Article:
(Photo by Mike Dempsey with a Canon 5D Mark III and Canon 70-200F2.8 Lens)
The class went well, and as you can see from the couple of shots above the guys learned quite a bit. I wish I could post something from all the guys as there were lots of good frames from the workshop but there is only so much time in the afternoon and some of the guys sent several shots to go through. If any of you guys are reading this, I’ll be sure to send each of you feedback on them in the next day or two so watch out for that. I said a few times on Saturday as well as I’ll say it again here that hockey is a very tough, and very fast sport to photograph. There is even another level of difficulty added by the fact that at this particular hockey venue you have to shoot through the Lexan wall to protect the crowd. It tends to make sharpness a never ending quest since if you’re shooting at a funny angle you tend to miss the shot completely. Thanks again to the guys who attended the workshop for a great day, and thanks again to Roberts Camera for putting on such a great event. Look in the future to a few more really cool things that Roberts Education is going to be doing. I can’t let the cat out of the bag so to speak, but I know of a few of the things in the works and they are worth keeping tabs on. In fact there is a class they are working on coming up that I’ll probably even sign up to take. Until then though. More Soon.
I can't see D4s for D3. #WaitForIt
— David Hobby (@strobist) February 25, 2014
I thought y’all’s morning should start like mine, with a bad pun. What I can’t recreate is receiving a snap from Nick in disbelief over the inanity of the D4s’ tagline, but hey, I can show you a screenshot of it:
For added fun, the press release tacks an “, Again” onto that, implying we have at some point previously dominated the decisive moment already. It’s a bad morning to be the decisive moment, with all this being dominated and what-not, but a good morning to be a Nikon shooter because the wait for the D4s is over after what was (all considered) not actually a very long time at all. Yes, there were a few long weeks there where Nikon didn’t actually have a flagship we could sell you, since the D4 supply dried up before this replacement was ready, but it’s all cool now because the D4s is here to be more s-like than the D4 was.
For those of you knew to this game, Nikon tends to handle its flagships like Apple does iPhones. One year you’ll have a new model with lots of features and a new number, then the next go will be a more minor update (in Nikon’s case usually focusing on speed, both FPS and ISO) with an “s” tacked at the end. “S” for speed, you see.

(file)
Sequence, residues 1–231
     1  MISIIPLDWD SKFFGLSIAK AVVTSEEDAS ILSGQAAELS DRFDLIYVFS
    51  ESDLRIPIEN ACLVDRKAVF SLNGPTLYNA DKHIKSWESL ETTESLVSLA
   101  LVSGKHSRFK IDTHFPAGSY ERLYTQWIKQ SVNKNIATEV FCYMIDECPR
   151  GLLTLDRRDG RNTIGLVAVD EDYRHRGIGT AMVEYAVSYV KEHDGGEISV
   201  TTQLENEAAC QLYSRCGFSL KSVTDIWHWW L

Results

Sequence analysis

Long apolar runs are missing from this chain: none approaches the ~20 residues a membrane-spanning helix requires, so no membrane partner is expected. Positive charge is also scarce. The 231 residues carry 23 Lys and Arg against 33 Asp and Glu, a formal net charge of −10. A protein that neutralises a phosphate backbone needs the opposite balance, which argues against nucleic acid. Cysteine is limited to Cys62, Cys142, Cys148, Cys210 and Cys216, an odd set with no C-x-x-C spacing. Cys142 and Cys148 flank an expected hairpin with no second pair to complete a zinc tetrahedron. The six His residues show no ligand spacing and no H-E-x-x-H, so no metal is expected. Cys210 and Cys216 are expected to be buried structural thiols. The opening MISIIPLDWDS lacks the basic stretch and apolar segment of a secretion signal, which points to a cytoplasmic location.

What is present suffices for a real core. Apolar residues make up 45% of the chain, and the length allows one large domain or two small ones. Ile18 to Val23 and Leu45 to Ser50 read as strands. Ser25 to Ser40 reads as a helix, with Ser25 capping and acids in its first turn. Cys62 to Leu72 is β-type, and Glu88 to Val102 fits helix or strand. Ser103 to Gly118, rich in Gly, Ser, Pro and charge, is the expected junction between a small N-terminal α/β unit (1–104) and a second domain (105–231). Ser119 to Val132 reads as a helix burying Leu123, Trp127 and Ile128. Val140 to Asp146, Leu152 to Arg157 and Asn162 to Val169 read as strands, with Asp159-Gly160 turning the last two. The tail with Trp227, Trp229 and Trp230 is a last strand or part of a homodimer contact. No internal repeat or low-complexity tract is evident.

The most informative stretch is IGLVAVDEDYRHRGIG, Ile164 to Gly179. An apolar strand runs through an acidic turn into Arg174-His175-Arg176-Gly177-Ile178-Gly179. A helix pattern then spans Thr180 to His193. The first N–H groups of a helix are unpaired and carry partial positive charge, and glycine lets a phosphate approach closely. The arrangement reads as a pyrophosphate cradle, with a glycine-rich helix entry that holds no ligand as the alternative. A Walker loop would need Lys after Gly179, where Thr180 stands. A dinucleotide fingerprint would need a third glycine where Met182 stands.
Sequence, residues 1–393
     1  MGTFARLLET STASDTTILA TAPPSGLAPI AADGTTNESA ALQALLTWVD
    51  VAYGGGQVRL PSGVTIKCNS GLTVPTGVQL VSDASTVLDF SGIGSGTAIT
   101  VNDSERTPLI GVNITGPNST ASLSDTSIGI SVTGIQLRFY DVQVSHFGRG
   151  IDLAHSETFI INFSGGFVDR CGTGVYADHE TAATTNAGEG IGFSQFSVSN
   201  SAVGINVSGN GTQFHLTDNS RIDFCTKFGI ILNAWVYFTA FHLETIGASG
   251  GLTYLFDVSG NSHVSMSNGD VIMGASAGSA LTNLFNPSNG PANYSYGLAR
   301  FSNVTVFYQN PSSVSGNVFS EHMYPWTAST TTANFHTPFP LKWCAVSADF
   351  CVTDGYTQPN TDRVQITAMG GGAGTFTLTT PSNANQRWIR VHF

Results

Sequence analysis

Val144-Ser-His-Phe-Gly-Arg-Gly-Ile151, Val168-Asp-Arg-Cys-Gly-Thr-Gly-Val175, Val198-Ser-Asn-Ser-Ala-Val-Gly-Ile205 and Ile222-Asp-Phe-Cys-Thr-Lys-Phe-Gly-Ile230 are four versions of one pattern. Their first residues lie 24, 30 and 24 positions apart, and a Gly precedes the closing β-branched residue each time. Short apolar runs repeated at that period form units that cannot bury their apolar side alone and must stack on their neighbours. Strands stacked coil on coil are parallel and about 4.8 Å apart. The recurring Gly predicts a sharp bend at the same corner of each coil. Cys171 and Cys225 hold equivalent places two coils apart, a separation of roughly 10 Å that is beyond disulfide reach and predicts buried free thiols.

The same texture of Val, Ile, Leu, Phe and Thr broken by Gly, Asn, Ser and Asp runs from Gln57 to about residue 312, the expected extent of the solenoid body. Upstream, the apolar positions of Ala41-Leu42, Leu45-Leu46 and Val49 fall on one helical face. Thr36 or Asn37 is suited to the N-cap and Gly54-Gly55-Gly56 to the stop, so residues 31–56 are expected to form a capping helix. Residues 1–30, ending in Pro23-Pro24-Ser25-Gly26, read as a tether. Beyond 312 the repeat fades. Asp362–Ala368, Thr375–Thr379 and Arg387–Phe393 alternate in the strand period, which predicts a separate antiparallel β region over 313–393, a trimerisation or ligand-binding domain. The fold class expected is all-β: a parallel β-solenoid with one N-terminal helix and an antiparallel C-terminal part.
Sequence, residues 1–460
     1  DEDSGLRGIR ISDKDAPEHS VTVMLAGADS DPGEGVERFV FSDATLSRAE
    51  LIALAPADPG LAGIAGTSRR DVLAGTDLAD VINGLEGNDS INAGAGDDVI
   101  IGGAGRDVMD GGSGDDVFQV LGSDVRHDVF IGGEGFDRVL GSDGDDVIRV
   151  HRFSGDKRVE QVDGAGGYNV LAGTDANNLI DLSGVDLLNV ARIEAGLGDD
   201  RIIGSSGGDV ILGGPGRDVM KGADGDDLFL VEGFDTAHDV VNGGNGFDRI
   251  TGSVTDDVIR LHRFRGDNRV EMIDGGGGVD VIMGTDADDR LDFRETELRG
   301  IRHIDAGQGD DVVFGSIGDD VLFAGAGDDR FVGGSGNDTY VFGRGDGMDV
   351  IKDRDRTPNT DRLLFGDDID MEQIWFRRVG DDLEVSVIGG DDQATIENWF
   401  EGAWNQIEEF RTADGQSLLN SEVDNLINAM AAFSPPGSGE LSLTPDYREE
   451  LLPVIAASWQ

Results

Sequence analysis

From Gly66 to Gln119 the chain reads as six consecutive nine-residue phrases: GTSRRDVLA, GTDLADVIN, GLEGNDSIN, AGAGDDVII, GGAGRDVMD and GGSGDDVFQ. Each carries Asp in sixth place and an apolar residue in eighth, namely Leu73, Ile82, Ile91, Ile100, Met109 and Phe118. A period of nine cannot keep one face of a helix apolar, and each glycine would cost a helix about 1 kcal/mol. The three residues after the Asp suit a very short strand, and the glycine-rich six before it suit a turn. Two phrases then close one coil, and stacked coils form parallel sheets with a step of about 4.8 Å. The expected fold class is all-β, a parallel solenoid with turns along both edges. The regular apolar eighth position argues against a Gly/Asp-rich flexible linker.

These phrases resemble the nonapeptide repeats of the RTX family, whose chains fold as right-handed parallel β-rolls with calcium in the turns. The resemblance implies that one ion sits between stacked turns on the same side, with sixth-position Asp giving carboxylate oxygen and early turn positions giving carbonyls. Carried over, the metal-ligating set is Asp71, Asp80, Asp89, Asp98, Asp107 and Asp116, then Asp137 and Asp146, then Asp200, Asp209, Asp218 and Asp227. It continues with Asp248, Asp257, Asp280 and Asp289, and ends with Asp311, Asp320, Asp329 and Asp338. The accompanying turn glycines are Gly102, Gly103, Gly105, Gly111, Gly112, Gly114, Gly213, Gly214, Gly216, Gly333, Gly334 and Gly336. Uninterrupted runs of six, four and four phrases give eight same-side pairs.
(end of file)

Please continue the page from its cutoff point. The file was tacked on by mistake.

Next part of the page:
[There also used to be "x" models with a focus on resolution, but, that was before the D800 was a thing.]
Anyway, look, here it is:
Isn’t it handsome, and nearly identical to the D4 before it.
So, what’s new? It’s still a 16mp sensor, but this is an all-new one that’s just the same resolution, and ISO for it now ranges from 100-25,600 native or 50-409,600 (!) expanded. And while expanded ISO may be a lie, that’s still a pretty impressive number to have in a pinch. Additionally, the camera will now shoot at 11/10 frames per second, full resolution, and pipe out uncompressed 1080p video at 24/30/60fps. Speed is also added at the transfer point with support for gigabit ethernet when doing LAN transfered, and the new RAW-S files that weigh in at half the file size of traditional NEF raws (while still being uncompressed) promise even faster transfers and snappier workflows for pros in a hurry. Finally, while not distinctly speed related, the D4s is more power efficient. With the EN-EL18a you’ll get over 3,000 exposure by the conservative CIPA measuring metric, or over 5,000 by Nikon’s internal testing. A few other tweaks and noodlin’s are present beyond that, but they’re all going to be more minor things and you can satisfy your curiosity about them with the press release after the jump below.